Dallas Stars v Anaheim Ducks

Can Kari Lehtonen continue to carry the Stars?

Kari Lehtonen looked great at times last season, but 2011-12 might be the year that he truly shows why he was drafted second overall in 2002. The Finnish goalie made the difference for the Dallas Stars once again Friday night, as they beat an almost-as-hot Anaheim Ducks team 3-1.

Lehtonen is 6-0 so far this season, but it’s the workload he’s carrying that really makes his results impressive. Aside from the Columbus Blue Jacket’s dismal efforts, Lehtonen has faced at least 36 shots in every start. He’s been up to the task to a staggering degree, though, allowing just nine goals.

Naturally, the burning question is whether he can keep it up. He has the pedigree to do so, but two worrisome factors cannot be ignored.


Stars fans might grumble at this one, but there was a time when Lehtonen was the Southeast Rick DiPietro: a highly drafted and occasionally promising goalie whose career was riddled with injuries. He was limited to 12 games in 2009-10 and less than 50 in 08-09 and 07-08. Hopefully Lehtonen is over those woes, but the injury risks are legitimate if he continues to face 35+ shots per night and flirts with 70 starts.

Shaky defense

Sheldon Souray has been an amazing story so far. He went from a guy whose contract left him buried in the AHL to a solid offensive contributor out of the gate (five points in seven games).

Souray doesn’t heal many own-zone wounds, though. Lehtonen’s dazzling .957 save percentage is bound to drop, so Dallas’ D needs to tighten up. They might not have the personnel to do that, though.


There are a number of factors working against Lehtonen and the Stars, but his talent shouldn’t be denied. We’ll see if that’s enough to clear some serious hurdles this season.

Commodore rips into Babcock on social media

Mike Commodore
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Former NHL defenseman Mike Commodore may have been coached by Mike Babcock, but that doesn’t mean he’s a fan of Mike Babcock.

Commodore played in just 17 games for the Detroit Red Wings during the 2011-12 season and that was enough for him to muster up some pretty harsh feelings toward his old coach.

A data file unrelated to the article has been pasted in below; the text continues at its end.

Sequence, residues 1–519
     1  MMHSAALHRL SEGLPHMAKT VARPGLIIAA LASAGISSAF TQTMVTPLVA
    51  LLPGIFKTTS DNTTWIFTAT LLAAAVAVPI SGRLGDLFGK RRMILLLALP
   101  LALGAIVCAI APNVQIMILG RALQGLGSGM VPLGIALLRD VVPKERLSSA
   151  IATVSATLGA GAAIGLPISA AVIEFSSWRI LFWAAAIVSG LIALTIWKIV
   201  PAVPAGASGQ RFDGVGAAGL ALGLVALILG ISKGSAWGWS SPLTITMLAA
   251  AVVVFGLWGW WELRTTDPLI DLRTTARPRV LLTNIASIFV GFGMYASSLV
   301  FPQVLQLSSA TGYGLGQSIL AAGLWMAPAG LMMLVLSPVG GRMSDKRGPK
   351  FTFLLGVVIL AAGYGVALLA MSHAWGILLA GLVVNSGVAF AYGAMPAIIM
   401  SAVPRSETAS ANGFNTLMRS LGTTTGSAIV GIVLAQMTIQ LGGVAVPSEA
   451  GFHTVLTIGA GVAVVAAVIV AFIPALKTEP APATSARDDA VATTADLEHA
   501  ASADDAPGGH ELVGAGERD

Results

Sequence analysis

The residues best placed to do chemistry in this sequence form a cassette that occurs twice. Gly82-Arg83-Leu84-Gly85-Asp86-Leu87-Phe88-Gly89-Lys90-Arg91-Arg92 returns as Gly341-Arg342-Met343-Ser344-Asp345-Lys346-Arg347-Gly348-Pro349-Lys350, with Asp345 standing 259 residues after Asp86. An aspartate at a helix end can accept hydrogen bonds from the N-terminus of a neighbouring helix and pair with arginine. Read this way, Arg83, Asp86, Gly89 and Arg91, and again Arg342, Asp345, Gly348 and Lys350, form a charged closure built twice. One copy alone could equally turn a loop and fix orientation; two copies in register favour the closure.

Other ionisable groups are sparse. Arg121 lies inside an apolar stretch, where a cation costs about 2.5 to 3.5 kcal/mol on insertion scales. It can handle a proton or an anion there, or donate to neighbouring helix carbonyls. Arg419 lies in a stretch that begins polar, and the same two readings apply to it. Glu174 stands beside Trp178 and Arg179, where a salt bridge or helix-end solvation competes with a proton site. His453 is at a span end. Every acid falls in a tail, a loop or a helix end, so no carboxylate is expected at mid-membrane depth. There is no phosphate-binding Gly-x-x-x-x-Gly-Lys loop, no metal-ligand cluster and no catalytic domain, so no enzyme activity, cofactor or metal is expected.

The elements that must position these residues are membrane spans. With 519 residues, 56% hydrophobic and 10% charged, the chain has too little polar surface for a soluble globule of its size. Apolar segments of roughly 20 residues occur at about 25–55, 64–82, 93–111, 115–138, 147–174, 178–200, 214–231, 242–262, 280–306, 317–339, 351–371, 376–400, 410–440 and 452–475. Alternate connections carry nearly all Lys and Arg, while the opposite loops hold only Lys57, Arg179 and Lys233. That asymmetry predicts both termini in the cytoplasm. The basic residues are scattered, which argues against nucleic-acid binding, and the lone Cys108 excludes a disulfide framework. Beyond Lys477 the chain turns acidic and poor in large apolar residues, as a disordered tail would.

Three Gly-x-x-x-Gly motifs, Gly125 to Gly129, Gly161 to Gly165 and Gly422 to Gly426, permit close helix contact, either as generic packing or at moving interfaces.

As Babcock’s new team, the Toronto Maple Leafs, were being embarrassed in Detroit on Friday, Commodore took to Twitter to show fans just how much he was enjoying his former coach’s struggles.

Things got especially interesting after Red Wings rookie Dylan Larkin scored just 20 seconds into the second period to give Detroit a 3-0 lead.

“3-0 nothin Babs you posing arrogant piece of (bleep),” said Commodore via his Twitter page. “Welcome back to the rink where everyone that met you hates you.”

Commodore wasn’t done there:

And there was much, much more.

To get a look at all of Commodore’s Babcock-bashing tweets, click here.




Friday’s loss serves as ‘harsh lesson’ for Blue Jackets

Jasper Fast, Nick Foligno, Henrik Lundqvist
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Late in the third period of Friday’s game against the New York Rangers, things were looking good for Columbus.

Brandon Saad, who the team acquired from Chicago this off-season, scored his first goal of the season to give his team a 2-1 lead with under four minutes remaining in the contest.

Unfortunately for the Jackets, that’s as good as it would get.

The Rangers responded with three unanswered goals from Oscar Lindberg, Kevin Hayes and Mats Zuccarello to spoil Columbus’ home opener.

“When something like that happens at the end, I think we’re gonna be a better team because of it,” defenseman Ryan Murray told reporters after the game. “It’s a harsh lesson, but it’s a good one.

Luckily for Columbus, they won’t have to wait very long to try and get their revenge.

The Blue Jackets and Rangers will finish off their home-and-home series at Madison Square Garden on Saturday night, which might not be such a bad thing for Columbus.

“It’s good that we get another chance tomorrow,” Saad said after Friday’s game. “We were high on emotions (after the go-ahead goal) and they scored and it took the wind out of our sails, but we have to keep playing. We have to learn to keep doing our thing, regardless of the score.”